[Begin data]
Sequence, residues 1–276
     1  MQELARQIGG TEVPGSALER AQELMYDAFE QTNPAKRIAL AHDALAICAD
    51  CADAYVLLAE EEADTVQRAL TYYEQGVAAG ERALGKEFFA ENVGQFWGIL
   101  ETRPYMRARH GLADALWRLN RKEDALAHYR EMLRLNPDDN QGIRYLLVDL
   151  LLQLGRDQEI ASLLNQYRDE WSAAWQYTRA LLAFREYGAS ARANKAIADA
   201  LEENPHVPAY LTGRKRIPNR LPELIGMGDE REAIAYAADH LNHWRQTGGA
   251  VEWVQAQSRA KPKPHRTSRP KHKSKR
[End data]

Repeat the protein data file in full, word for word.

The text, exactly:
Sequence, residues 1–276
     1  MQELARQIGG TEVPGSALER AQELMYDAFE QTNPAKRIAL AHDALAICAD
    51  CADAYVLLAE EEADTVQRAL TYYEQGVAAG ERALGKEFFA ENVGQFWGIL
   101  ETRPYMRARH GLADALWRLN RKEDALAHYR EMLRLNPDDN QGIRYLLVDL
   151  LLQLGRDQEI ASLLNQYRDE WSAAWQYTRA LLAFREYGAS ARANKAIADA
   201  LEENPHVPAY LTGRKRIPNR LPELIGMGDE REAIAYAADH LNHWRQTGGA
   251  VEWVQAQSRA KPKPHRTSRP KHKSKR